New statistics released by the Department of Veterans Affairs (VA) this week indicate that 20 veterans committed suicide per day in 2014. That figure, just marginally less than a previous estimate, has raised concerns about the degree and quality of mental health care America’s veterans receive.
“Regardless of the numbers or rates, one Veteran suicide is one too many,” David Shulkin, the VA’s undersecretary for health, said in a statement the group released on Thursday. The VA had previously estimated that 22 veterans were committing suicide per day in 2013. Both numbers cast light on what lawmakers and concerned citizens alike are recognizing as an epidemic.
Shulkin told the Associated Press (AP) of the importance of de-stigmatizing the idea of receiving counseling to help people feel more comfortable reaching out for help. He reportedly said the VA is working on partnering with advocacy groups throughout the United States to ensure veterans get the help they need.
The AP pointed out that that the increase in attention on veteran suicides “comes at a time when the VA has reported a huge upswing in veterans seeking medical care as they have returned from conflicts in the Middle East.” The VA study noted that two-thirds, or 65 percent, of all veterans who committed suicide were 50 or older.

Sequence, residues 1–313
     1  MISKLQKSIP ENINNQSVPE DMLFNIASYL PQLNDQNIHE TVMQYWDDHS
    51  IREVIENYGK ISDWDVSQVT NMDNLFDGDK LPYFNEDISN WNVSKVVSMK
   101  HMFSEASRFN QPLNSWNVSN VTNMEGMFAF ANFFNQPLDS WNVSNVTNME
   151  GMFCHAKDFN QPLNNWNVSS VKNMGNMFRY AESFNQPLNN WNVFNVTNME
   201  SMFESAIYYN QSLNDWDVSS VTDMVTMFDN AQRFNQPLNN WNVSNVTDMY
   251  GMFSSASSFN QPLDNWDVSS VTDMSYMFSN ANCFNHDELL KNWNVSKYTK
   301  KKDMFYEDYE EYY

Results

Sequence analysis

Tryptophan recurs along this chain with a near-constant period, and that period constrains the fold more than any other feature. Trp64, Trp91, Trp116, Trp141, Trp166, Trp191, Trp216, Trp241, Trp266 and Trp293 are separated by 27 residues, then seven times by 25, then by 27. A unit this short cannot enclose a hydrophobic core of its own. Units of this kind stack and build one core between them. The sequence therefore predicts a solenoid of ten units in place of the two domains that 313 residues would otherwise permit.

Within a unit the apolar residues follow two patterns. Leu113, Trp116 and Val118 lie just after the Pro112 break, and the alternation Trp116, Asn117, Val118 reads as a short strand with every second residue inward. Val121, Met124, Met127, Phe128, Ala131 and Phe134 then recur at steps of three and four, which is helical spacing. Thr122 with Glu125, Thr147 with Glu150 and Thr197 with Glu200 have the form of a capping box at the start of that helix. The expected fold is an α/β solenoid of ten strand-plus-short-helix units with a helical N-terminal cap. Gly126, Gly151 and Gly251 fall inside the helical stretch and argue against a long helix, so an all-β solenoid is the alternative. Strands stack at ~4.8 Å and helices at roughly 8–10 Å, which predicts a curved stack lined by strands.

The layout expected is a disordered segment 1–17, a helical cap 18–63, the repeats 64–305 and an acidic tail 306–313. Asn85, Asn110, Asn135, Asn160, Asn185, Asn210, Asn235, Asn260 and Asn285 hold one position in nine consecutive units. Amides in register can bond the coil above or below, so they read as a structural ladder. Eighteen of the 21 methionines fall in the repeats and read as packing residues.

“We as a nation must do more to encourage veterans in need to seek treatment and ask for help,” Rep. Jeff Miller (R-FL), chairman of the House Committee on Veterans’ Affairs, told the AP.
The AP also noted that while the rate of suicides for non-veterans has also increased in recent years, it has increased at a greater pace for veterans. The VA study found that veterans are 21 percent more likely to commit suicide than their civilian counterparts. In 2014 alone, nearly 7,400 veterans took their own lives. The highest suicide rates occur among veterans who do not participate in the VA’s mental health programs.
The study also found that the “risk for suicide was 2.4 times higher among female veterans when compared to U.S. civilian adult females.”
Last year, Breitbart News highlighted that a damning report published by the Inspector General for Veterans Affairs revealed that a number of veterans’ claims-related documents at the Los Angeles VA Regional Office (VARO) was placed in employee shred boxes without being processed and that all but one of the documents labeled for shredding had the potential to affect veterans’ benefits.
The VA’s previous study on veterans’ suicide rates had only incorporated data from less than half of the states and reportedly did not include states like California and Texas, two states with a high number of veterans. However, the AP noted that VA has reportedly expanded its database, following pressure from veterans groups, and has incorporated records from the Department of Defense to help identify veterans who had not enrolled in the VA’s numerous programs in an attempt to help change that.
The VA has made a 24/7 Veterans Crisis Line (VCL) available to veterans. Callers should dial 1-800-273-TALK (8255) “and then ‘Press 1’ to reach highly skilled responders trained in suicide prevention and crisis intervention.” A chat service and texting option are reportedly also available.
Follow Adelle Nazarian on Twitter @AdelleNaz.